the Little Red Reviewer

Posts Tagged ‘Interview

I recently had the opportunity to interview author Howard Andrew Jones, whose forthcoming fantasy book, For The Killing of Kings, will be available in February from St. Martin’s press.  The first in an epic, adventure-filled trilogy, For The Killing of Kings involves a fragile peace, forgeries, conspiracies, and a near unstoppable invading force.  Brace yourself for a fantastic and action packed February!

Howard Andrew Jones has written a series of Arabian historical fantasies, and a number of Pathfinder novels. He was the managing editor for Black Gate Magazine, has posted a ton of blog posts about the art and struggle of creating fiction and editing, and among other editing projects is currently the Executive Editor of Perilous Worlds. Howard was kind enough to chat with me about the new fantasy series, editing, his family farm, gaming, and more. To learn more about Howard and his work, head over to his website, HowardAndrewJones.com.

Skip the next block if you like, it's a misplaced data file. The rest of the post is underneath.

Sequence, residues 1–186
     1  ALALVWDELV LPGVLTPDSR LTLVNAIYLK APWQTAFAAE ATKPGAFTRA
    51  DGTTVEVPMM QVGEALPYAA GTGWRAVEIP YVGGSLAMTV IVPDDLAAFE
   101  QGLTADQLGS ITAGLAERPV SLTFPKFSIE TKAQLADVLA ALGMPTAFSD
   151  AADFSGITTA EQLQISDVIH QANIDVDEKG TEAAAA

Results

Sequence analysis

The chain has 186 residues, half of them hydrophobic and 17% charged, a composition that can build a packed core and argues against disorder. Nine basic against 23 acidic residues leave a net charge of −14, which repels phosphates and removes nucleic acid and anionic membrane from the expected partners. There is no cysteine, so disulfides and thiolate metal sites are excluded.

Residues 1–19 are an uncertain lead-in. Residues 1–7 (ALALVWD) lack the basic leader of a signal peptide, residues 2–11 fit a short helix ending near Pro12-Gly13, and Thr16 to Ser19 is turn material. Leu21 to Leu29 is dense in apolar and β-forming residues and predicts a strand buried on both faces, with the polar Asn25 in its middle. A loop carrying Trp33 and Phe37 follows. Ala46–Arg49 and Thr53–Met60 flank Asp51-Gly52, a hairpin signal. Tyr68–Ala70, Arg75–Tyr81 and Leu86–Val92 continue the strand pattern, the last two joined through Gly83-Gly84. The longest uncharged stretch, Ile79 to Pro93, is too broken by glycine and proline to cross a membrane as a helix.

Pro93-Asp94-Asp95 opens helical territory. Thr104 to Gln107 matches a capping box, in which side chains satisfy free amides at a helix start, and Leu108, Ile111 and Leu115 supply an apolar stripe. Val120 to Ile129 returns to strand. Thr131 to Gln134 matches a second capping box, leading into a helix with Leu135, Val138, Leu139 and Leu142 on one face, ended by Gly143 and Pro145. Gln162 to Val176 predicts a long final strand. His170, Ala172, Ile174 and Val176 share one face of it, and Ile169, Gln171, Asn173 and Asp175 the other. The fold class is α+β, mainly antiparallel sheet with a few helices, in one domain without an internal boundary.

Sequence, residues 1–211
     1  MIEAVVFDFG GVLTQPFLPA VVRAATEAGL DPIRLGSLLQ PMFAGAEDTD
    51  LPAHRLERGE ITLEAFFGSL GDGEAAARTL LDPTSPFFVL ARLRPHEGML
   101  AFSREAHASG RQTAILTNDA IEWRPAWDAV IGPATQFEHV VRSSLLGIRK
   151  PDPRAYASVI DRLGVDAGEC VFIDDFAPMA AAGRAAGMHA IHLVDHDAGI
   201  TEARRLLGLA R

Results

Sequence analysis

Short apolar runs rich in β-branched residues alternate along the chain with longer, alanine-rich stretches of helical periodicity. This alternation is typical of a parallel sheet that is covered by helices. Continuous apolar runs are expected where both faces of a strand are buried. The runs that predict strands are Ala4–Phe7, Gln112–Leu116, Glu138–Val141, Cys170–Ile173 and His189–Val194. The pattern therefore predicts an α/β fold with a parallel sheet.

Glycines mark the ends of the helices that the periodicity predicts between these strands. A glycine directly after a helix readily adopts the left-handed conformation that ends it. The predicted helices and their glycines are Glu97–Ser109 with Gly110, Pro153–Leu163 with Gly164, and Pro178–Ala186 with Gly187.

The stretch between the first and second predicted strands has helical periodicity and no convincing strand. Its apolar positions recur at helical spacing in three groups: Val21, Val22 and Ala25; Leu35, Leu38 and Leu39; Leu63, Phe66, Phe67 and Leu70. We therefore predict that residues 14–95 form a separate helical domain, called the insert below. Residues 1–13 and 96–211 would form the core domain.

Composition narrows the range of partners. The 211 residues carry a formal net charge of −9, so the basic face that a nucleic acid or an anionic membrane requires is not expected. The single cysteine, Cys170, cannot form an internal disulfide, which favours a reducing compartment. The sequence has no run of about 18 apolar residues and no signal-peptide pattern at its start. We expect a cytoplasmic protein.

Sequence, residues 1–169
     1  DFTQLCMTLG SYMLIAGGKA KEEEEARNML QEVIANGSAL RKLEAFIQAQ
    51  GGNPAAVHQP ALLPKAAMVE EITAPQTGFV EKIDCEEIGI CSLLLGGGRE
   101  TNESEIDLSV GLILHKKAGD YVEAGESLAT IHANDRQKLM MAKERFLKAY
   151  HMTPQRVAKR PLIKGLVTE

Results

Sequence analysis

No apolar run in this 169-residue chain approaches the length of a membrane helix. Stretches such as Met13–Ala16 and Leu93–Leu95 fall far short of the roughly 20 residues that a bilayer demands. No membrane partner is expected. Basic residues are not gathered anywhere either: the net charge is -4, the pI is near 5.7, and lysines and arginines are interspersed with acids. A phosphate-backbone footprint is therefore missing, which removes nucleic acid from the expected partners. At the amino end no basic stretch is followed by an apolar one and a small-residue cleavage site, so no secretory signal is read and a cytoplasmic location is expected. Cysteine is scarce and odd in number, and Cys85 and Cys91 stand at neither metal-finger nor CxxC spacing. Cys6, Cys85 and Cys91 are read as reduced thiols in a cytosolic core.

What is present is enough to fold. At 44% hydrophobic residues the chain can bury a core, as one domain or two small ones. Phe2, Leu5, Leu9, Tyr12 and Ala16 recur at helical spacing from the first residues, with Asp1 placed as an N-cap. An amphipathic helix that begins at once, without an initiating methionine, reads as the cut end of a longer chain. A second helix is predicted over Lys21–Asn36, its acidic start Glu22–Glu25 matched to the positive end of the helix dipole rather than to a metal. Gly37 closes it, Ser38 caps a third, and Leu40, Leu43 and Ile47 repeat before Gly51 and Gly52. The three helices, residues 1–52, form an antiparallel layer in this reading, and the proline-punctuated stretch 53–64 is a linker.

Little Red Reviewer: Congratulations on your forthcoming novel For the Killing of Kings! What can you tell us about this book’s journey from idea to finished novel?

 

Howard Andrew Jones: Thanks! This one has been with me for a looong time in some form or other. The primary characters starred in an unpublished novel twenty years ago, and while I set that book aside, the characters stayed with me. I’ve been working on the first two books off and on for the last four years, in between other projects. My previous novels have been inter-related, but weren’t as closely connected, and it took me a little time to figure out how to assemble a trilogy. It also required a couple of drafts to get to a longer length a lot of modern readers seem to prefer and keep the swift pacing I like.

 

LRR: Who was your favorite character to write?

 

HAJ: Honestly, I loved writing all of these characters. The swordswoman and enchantress Elenai, the novel’s principal protagonist, is an awful lot of fun because of her drive and curiosity, and I get a particular charge out of the brilliant, precise, and slightly peculiar Varama. She adds more than her body weight to any scene where she appears. Two of my initial inspirations were Corwin and Benedict of Amber because I always wanted to see more of both on the page. After more than two decades in my head, the two characters who started out as homages to them are their own people, but I had a blast writing the charming, deadly warrior and the tactical genius.

LRR: This is the beginning of a trilogy. Do you have the entire thing planned out, or will you just write and see where the story goes?